Published in The History of Parliament: the House of Commons 1715-1754, ed. R. Sedgwick, 1970
Available from Boydell and Brewer

Background Information

Right of Election:

in inhabitants paying scot and lot

Number of voters:

375 in 1753


31 Jan. 1715EDWARD NICHOLAS140
 William Benson130
 Henry Andrews100
  Nicholas and Rush unseated and BENSON seated on petition, 3 May 1715 
 William Hearst118
21 Nov. 1718BENSON re-elected after appointment to office89
 Sir Edward des Bouverie16
 BOUVERIE vice Benson, on petition, 24 Jan. 1719 
 Charles Wither 
 Clement Wearg 
3 May 1726STEPHEN FOX vice Nicholas, deceased 
 John Cope80
 Pattee Byng80
 William Benson4
1 May 1734JACOB BANKS285
 Stephen Fox174
 FOX vice Bennet, on petition, 20 Feb. 1735 
9 Mar. 1738PHILIP BENNET vice Banks, deceased151
 Thomas Drury131
11 May 1741PETER WALTER jun. 
1 July 1742GEORGE PITT jun. vice Ewer, deceased 
8 Dec. 1747WILLIAM BECKFORD vice Pitt chose to sit for Dorsetmajority of 62
 Frazer Honywood 

Main Article

In 1738 Shaftesbury was described by Hutchins, the Dorset historian, as ‘a mercenary and ungrateful borough’. Lord Ilchester, who had represented it as Stephen Fox, wrote of it in 1747, as ‘more unwieldy than Hindon, made up of complicated interests with a sort of gentry that are troublesome’; and, in 1753, as ‘very troublesome and expensive’. Although the right of voting lay in the inhabitants, control of the 12-man corporation was important. Shortly before the general election of 1747 Ilchester wrote:

Mr. Excel, the present mayor, is very desirous to choose a new alderman that may be in my interest and thinks it can be done ... but it is my opinion we can bring but 5 aldermen against 6. The scheme is to call a Hall when 2 of the other side are out of town and choose Merefield directly as there is no suspicion.

Ilchester eventually got Merefield elected by offering one alderman up to £50, by bringing back in secrecy an absconded alderman, who had 40 guineas for his journey, and by lending another man, who was in bed, £200 upon a bond for only £50.1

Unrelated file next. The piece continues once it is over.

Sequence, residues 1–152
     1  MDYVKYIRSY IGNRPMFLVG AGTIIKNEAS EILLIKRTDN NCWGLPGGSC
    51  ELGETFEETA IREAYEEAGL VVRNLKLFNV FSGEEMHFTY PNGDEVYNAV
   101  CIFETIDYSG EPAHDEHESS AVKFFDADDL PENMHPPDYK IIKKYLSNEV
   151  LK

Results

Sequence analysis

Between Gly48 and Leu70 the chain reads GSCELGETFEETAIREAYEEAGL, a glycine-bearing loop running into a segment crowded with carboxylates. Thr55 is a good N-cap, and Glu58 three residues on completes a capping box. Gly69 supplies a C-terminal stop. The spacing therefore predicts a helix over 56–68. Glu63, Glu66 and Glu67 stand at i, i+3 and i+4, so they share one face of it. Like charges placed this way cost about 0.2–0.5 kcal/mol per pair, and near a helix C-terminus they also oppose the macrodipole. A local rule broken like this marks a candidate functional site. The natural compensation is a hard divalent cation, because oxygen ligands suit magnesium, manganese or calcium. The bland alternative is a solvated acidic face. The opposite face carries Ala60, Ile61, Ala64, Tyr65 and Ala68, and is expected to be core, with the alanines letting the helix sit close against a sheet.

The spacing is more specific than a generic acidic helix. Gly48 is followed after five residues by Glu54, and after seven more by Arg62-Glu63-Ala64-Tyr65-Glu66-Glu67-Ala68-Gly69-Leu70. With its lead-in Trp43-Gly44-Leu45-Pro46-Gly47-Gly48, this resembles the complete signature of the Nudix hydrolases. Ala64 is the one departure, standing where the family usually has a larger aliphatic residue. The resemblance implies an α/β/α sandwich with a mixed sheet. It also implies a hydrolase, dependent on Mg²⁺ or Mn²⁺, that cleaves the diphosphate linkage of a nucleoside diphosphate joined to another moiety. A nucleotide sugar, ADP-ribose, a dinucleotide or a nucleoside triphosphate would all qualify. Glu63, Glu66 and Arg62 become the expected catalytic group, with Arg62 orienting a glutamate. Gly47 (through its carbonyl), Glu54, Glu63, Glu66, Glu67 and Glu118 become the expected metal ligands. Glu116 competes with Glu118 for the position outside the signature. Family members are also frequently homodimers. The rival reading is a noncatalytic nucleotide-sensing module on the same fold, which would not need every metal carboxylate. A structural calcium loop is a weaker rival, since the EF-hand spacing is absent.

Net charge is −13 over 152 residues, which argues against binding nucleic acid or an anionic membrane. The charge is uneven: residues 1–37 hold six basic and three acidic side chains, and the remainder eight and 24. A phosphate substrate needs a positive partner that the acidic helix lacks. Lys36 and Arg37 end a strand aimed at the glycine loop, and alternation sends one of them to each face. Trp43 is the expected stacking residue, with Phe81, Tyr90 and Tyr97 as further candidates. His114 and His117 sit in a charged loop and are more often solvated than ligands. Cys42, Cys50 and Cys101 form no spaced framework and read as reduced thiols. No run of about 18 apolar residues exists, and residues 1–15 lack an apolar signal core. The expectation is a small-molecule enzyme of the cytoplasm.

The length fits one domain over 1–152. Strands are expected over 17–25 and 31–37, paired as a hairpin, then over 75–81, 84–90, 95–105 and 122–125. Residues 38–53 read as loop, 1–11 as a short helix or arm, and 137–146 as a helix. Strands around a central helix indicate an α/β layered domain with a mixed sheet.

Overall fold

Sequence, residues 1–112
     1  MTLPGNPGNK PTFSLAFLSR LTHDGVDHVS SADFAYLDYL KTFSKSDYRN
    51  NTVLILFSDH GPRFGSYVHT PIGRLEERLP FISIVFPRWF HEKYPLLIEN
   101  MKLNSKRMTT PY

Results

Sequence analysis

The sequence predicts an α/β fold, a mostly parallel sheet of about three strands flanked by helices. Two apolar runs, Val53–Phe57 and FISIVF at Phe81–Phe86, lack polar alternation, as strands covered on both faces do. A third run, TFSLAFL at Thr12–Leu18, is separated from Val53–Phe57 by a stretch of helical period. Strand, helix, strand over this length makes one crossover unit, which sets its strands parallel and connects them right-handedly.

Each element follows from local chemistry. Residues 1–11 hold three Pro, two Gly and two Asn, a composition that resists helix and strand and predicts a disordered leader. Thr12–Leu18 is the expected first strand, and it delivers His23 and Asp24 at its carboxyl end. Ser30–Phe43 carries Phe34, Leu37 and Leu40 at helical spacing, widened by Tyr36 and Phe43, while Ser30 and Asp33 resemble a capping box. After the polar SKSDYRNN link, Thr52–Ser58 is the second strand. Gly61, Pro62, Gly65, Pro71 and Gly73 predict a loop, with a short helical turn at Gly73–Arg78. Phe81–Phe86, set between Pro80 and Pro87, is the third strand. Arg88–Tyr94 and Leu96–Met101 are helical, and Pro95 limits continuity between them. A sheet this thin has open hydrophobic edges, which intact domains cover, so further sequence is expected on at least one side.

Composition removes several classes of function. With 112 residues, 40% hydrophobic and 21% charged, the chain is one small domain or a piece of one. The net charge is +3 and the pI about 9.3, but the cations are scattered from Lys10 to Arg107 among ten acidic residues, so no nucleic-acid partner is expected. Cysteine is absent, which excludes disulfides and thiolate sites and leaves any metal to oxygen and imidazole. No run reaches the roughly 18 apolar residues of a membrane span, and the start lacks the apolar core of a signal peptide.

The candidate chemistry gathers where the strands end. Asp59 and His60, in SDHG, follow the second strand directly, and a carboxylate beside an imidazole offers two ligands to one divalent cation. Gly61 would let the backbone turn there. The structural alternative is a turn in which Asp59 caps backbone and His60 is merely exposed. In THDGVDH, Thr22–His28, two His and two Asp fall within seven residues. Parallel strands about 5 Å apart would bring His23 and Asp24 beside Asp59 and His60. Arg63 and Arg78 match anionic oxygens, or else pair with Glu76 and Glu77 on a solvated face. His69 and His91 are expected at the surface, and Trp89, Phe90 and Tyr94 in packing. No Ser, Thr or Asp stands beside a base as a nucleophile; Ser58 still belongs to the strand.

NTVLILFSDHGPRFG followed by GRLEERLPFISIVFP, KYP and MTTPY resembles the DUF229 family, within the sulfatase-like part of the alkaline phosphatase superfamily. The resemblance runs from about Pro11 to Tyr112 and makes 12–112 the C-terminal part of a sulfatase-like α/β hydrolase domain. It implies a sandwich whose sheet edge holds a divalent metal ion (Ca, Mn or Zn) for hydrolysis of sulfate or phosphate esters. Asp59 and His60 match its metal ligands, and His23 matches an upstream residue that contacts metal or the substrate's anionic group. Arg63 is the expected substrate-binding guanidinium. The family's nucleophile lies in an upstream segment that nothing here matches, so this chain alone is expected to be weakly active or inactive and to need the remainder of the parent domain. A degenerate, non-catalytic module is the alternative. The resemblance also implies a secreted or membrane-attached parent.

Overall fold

Members returned were usually Dorset landowners, standing in the main on their own interest. Tories held both seats in 1715, 1722, and 1727, though William Benson, a Whig, was seated on petition from May 1715 until January 1719, when, having been re-elected on vacating his seat by accepting a place, he was ousted by a Tory on another petition, on which ‘the Prince’s party and several of the other [i.e. the King’s] court joined the Tories’.2 After 1727 the seats were divided between the parties except between 1738 and 1741, when Philip Bennet took the Tory seat at a by-election. Stephen Fox, who was originally elected as a Tory in 1726 but soon went over to Walpole, maintained a strong government interest in the borough both as Member and, after 1741, as a peer. The 4th Earl of Shaftesbury, who, having come of age in 1732, was made lord lieutenant of Dorset in 1735, entered the lists against the Administration in 1740, when he at first put forward his cousin Edward Hooper, spending some £70 on entertainment; but at the general election of 1741 he returned his uncle Charles Ewer, the other Member being Peter Walter the younger, who had put up as a Whig on his own interest ‘in nowise interfering with Mr. Fox’.3 Shortly before the 1747 election Fox, now Lord Ilchester, thought that Lord Shaftesbury was ‘pretty indifferent about meddling’;4 and as late as 9 June Shaftesbury told George Pitt, the Tory candidate, that ‘he had no intention of interfering ... at present’. However, the next day he wrote offering to help Pitt in any way.5 Lord Ilchester accepted Pelham’s nominee,6 Colonel Cuthbert Ellison, whom he did not know and who paid out £2,7007 to be returned with Pitt unopposed. When Pitt opted to sit for the county, where he had also been returned, William Beckford, the West Indian, came forward as an anti-government candidate on his own interest, with the support of Lord Shaftesbury, who insisted that he should be put to no expense.8 Lord Ilchester, although ‘backward ... to embark in this second affair’, accepted another Pelham nominee, Hans Stanley, but asked ‘if Mr. Stanley will give 7 guineas if Mr. Beckford does?’9 Beckford, eventually, came to terms with Stanley, distributing £1,000 among Lord Ilchester’s friends, though they were unwilling to support him. Despite this compromise, which was confirmed by Lord Shaftesbury and Lord Ilchester, Frazer Honywood, M.P., was sent down against Lord Ilchester’s wishes to offer further opposition to Beckford.10 At the poll Honywood was beaten by 62 votes.11